Jane pulled out two backstage pass stickers, put one on her coat, handed the other one to Ray and said “Are you ready to go backstage with me?” I was about to drop right there when I heard that. But in one of the most selfless things I have ever witnessed, Ray said “Is it alright if Mike goes back with you? He is a much bigger fan than I am.” Without hesitation, she took the pass back, handed it to me, and said “OK, let’s go!” I seriously blacked out for a second and had to steady myself. With absolutely no warning or preparation, I was about to come face to face with the person whose posters had covered my walls since I was three years old.
We were led to the backstage area by a security guard, where we went into a small room where a few of Paul’s band members were hanging around. One of them was the drummer, Eric Singer, who would join Kiss a few years later. We introduced ourselves to him, and spoke for a few minutes. I looked over at a couch and saw someone I immediately recognized. I just could not place exactly where I knew her from. As we made our way closer to her, she introduced herself by saying “Hi, I’m Samantha Fox, nice to meet you! Paul is in the shower, but he will be right out.” In case you do not recall who Samantha Fox is, she brought us some fun 80’s fare such as “Naughty Girls (Need Love Too)” and “I Wanna Have Some Fun.” They were rumored to be dating during that time, and that was quite an interesting way for me to find out! I then looked across the room, and Paul was walking right towards us, having just gotten out of the shower, with a towel around his shoulders. I am convinced I had a mild stroke as he approached us, and gave Jane a big hug, like they were friends for years. Jane introduced me to Paul, and told him how big of a fan I was. He was incredibly nice, and asked how I liked the show. Jane asked him what Kiss record a certain song came from, in order to complete her review. He actually forgot and deferred the question to me, which I immediately answered. We said our goodbyes, made our way out of the backstage area, and met back up with Ray and his mom. I thanked Ray profusely, and we made our way home. I thanked everyone again as I got out of the car when we arrived at my house, and I maybe slept an hour that night because I was all hyped up.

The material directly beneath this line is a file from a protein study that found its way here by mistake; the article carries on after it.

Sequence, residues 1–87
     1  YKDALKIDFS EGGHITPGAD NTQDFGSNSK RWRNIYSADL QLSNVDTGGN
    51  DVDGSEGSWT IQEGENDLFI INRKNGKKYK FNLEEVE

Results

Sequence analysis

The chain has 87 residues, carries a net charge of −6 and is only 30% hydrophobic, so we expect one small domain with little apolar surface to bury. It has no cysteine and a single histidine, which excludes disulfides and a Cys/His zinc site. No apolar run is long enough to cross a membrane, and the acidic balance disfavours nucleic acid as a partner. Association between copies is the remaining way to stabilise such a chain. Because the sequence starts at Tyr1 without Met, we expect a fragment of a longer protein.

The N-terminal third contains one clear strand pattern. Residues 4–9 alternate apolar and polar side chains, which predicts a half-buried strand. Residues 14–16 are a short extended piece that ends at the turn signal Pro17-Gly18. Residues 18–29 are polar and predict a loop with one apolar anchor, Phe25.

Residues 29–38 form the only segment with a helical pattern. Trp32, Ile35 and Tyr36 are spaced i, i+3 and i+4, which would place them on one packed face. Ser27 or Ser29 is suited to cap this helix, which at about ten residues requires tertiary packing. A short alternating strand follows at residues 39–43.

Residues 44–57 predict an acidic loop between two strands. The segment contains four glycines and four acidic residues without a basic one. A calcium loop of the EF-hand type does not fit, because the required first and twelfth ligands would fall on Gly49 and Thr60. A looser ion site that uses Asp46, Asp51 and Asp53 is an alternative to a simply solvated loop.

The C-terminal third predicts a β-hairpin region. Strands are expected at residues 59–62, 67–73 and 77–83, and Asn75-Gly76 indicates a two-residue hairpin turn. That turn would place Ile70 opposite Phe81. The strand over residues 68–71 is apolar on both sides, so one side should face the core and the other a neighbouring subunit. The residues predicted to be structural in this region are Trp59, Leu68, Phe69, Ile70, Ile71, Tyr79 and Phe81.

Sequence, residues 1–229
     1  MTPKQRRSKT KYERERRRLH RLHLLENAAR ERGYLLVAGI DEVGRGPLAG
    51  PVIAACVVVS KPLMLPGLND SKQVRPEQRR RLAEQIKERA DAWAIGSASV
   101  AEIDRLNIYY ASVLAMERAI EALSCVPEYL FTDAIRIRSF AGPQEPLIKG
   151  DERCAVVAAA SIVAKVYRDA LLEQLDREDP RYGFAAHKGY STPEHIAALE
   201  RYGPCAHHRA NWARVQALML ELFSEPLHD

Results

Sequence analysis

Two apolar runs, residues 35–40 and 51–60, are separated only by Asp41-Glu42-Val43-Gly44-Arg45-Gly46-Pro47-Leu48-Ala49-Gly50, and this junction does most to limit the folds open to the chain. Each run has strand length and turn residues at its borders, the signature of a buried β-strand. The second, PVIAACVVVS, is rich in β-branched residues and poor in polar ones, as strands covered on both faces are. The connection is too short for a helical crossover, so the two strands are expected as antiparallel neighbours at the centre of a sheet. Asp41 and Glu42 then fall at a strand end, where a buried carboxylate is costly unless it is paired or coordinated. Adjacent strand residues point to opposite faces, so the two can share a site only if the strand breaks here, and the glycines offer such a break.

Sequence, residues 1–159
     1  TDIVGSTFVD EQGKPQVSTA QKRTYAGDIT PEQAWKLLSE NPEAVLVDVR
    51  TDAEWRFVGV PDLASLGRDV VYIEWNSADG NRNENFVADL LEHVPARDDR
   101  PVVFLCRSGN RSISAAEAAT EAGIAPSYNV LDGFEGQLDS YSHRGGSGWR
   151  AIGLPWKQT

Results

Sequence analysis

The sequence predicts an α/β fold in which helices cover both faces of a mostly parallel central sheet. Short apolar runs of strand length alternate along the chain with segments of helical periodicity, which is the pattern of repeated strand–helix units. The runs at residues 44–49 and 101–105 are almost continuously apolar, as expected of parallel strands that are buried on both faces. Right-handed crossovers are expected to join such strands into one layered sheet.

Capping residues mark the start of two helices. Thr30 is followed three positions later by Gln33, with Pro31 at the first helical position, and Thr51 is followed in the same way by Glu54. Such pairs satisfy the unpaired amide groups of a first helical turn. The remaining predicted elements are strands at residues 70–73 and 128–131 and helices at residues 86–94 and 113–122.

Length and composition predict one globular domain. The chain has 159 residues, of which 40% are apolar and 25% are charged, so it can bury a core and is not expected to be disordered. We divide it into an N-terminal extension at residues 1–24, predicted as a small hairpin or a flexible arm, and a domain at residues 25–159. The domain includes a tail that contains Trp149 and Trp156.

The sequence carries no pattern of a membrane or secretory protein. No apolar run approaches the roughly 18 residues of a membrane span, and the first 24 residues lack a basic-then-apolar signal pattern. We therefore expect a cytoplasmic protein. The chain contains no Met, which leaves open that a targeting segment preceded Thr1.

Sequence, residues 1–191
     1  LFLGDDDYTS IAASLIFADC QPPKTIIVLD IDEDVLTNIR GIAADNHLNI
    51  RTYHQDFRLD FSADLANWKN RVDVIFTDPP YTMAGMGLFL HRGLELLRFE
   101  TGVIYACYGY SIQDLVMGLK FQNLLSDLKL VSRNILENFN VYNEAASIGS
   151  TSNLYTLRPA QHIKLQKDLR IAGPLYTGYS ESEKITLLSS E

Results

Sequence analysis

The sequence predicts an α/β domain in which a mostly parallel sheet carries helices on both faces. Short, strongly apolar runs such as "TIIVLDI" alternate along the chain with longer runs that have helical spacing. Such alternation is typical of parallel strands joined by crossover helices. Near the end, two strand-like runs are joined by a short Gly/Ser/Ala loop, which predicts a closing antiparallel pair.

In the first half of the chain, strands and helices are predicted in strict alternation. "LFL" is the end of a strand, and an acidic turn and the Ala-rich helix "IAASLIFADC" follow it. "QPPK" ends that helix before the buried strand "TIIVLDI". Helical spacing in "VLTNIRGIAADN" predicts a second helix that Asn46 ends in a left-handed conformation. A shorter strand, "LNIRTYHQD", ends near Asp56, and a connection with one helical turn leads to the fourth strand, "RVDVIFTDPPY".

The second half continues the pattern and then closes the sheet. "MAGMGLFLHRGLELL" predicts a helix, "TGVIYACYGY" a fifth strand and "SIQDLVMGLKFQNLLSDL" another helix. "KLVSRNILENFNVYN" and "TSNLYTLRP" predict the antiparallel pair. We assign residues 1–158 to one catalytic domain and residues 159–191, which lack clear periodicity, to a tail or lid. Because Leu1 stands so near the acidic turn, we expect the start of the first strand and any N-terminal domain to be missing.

Sadly, Jane passed away on July 4, 2011. She was so well respected not only in Cleveland, but by people all over the world. She is partly responsible for one of the greatest nights of my life, but she is also partly responsible for inspiring me to write stories like this one. While I only got to spend a few short hours with her, she had such a positive effect on me, and I am forever grateful for that. Rest in peace, Jane.